Few drugs are available to address cognitive decline, but dietary changes, mental and physical activity, and social engagement can all help.
With Americans’ increasing life expectancy, the CDC has established a public health initiative to maintain cognitive health, which is necessary for both healthy aging and quality of life.1 Of course, the brain is essential, directing and organizing critical thinking and execution of plans, among other things. The CDC defines cognition as a “combination of mental processes that includes the ability to learn new things, intuition, judgment, language, and remembering.”1 When any of these processes diminish, patients develop cognitive impairment.
The CDC estimates that more than 16 million adults 18 years and older live with cognitive impairment.2 Risk factors include aging, chronic health conditions, education level, family history, head injury, and physical inactivity.2 But cognitive impairment is not an inevitable part of aging. In fact, investigators have determined healthy lifestyle behaviors that may decrease the likelihood of suffering cognitive impairment later in life (see table 1.)2-5,7
HIGH BLOOD PRESSURE
Multiple studies have evaluated the connection between cognitive impairment and high blood pressure (HBP), as hypertension is a risk factor for dementia. A recent study included 499 dementia-free individuals who had HBP and were being treated with antihypertensive medications in midlife adulthood. The results showed significant increases in white matter hyperintensity volume, which is associated with cognitive decline, and smaller brain volumes in patients aged 69 to 71 years.5 Investigators frequently observe white matter hyperintensities on brain magnetic resonance imaging scans of patients older than 60 years. These hyperintensities are associated with an increased likelihood of cognitive impairment and dementia.6 To minimize confounding effects within the study, the study protocol included only patients of the same age and geographic locations. The investigators also evaluated patients’ blood pressures prospectively, at ages 36, 43, 53, 60 to 64, and 69, to include data from early adulthood, midlife, and early late-life adulthood.5 They concluded that a strong association exists between midlife blood pressure and late-life cerebral small vessel disease and cognitive impairment later in life.5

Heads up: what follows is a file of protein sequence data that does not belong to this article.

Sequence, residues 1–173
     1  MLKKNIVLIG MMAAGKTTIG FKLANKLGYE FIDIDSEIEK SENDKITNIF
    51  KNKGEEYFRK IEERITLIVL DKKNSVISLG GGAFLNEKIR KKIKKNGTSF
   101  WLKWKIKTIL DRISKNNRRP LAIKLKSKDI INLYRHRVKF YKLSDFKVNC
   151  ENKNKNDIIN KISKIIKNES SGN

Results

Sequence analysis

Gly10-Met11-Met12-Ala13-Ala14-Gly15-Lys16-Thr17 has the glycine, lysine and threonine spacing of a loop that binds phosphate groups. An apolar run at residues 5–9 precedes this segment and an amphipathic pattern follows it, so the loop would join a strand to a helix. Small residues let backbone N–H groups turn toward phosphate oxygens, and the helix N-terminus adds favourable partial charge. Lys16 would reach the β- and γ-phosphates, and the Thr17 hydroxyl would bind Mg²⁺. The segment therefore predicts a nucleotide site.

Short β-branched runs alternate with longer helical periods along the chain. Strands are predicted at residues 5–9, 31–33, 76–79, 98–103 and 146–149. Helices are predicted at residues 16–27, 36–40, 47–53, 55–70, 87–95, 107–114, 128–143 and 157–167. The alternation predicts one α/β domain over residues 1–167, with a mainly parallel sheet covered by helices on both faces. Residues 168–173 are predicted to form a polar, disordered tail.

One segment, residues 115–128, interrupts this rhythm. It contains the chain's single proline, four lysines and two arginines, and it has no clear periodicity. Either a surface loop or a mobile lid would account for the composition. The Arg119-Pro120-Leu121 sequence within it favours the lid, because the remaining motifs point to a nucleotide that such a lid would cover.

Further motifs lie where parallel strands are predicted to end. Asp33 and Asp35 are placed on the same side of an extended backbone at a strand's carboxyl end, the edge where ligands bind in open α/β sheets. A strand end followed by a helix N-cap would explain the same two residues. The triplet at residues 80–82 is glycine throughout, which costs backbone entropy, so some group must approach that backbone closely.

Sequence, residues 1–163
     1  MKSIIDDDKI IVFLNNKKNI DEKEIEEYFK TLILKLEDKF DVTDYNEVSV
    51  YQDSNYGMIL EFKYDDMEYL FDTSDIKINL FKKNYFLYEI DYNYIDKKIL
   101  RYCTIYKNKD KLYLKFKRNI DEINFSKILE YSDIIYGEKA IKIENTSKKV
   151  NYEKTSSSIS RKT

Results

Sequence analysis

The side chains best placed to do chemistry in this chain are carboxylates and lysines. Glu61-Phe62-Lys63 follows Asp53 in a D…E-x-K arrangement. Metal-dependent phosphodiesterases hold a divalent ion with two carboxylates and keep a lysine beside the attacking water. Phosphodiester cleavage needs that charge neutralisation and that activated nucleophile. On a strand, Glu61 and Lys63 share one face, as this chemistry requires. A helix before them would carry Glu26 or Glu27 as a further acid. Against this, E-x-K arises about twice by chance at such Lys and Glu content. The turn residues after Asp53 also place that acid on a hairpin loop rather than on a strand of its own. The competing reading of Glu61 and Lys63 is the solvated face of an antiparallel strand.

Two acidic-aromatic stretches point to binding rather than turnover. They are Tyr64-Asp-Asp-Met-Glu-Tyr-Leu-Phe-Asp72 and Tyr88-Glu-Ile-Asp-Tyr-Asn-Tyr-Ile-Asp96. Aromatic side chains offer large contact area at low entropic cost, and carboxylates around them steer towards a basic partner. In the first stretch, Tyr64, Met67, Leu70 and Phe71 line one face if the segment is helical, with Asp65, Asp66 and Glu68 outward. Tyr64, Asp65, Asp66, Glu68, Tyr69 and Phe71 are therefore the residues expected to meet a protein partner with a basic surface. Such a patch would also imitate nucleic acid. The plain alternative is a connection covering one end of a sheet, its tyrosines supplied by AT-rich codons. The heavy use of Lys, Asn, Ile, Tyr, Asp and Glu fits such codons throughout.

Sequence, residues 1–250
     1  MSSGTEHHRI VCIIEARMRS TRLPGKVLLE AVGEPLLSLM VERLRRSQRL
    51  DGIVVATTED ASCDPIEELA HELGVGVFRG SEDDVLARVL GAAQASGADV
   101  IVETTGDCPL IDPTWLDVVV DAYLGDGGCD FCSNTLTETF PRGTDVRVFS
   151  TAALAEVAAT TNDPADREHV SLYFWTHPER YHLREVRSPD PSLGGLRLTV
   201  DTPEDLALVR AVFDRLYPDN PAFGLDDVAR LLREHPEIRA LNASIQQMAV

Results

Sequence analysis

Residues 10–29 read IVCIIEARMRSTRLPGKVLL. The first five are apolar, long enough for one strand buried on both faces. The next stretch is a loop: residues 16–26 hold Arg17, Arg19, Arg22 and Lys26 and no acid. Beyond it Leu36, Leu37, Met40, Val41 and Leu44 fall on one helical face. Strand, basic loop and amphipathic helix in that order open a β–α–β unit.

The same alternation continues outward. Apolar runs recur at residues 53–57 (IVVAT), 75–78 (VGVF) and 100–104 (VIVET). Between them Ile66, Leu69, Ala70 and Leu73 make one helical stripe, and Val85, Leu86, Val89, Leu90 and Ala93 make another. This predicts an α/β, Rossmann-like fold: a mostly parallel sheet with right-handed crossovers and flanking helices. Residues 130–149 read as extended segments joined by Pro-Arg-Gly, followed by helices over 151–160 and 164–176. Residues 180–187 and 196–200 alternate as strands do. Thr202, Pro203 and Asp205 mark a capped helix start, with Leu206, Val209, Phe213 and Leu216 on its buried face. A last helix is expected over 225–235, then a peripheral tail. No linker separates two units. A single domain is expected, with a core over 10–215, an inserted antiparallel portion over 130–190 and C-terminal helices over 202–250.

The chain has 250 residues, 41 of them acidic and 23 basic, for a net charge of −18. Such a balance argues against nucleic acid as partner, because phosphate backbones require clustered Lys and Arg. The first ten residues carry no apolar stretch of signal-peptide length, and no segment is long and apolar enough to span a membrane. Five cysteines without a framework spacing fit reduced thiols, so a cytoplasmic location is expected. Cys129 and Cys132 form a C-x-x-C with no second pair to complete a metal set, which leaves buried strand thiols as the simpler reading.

BENEFITS OF PHYSICAL ACTIVITY
Physical activities with reported benefits include aerobic exercise/ endurance, balance training, resistance training, balance, and tai chi.3,4 Investigators suggest that physical activity enhances blood flow and neuronal connectivity, increases brain volume, and reduces chronic disease risk.3 They have also concluded that physical activity is associated with improvements in attention and processing speed, executive function, and memory.4
RECOGNIZING THE SIGNS
Cognitive impairment ranges from mild cognitive impairment (MCI) to dementia.1 Individuals’ locations along this spectrum determine their ability to complete normal activities of daily living and to care for themselves.1 Individual presentations of cognitive impairment differ, but table 2 lists common signs.2 Overall, this impairment affects the ability to live a normal life. As a result, determining a better treatment or preventing cognitive impairment is paramount to improving the lives of the affected aging population.
The FDA has not approved any drugs or other treatments for MCI, but the agency has approved drugs to treat Alzheimer disease, known as acetylcholinesterase inhibitors (eg, donepezil, galantamine, and rivastigmine), and an N-methyl-D-aspartate glutamate receptor antagonist (memantine).7 Both classes aim to improve cognitive performance, increase quality of life, and slow memory loss in Alzheimer disease.7 Common adverse effects that patients may experience with acetylcholinesterase inhibitors include diarrhea, nausea, and vomiting. When these adverse effects are intolerable, prescribers recommend memantine.
With more Americans living longer lives, cognitive impairment has become a growing health concern. Individuals can combat this decline by being mentally and physically active, making dietary changes, and remaining socially engaged.
Monique F. Miller is a PharmD candidate at the University of Connecticut in Storrs.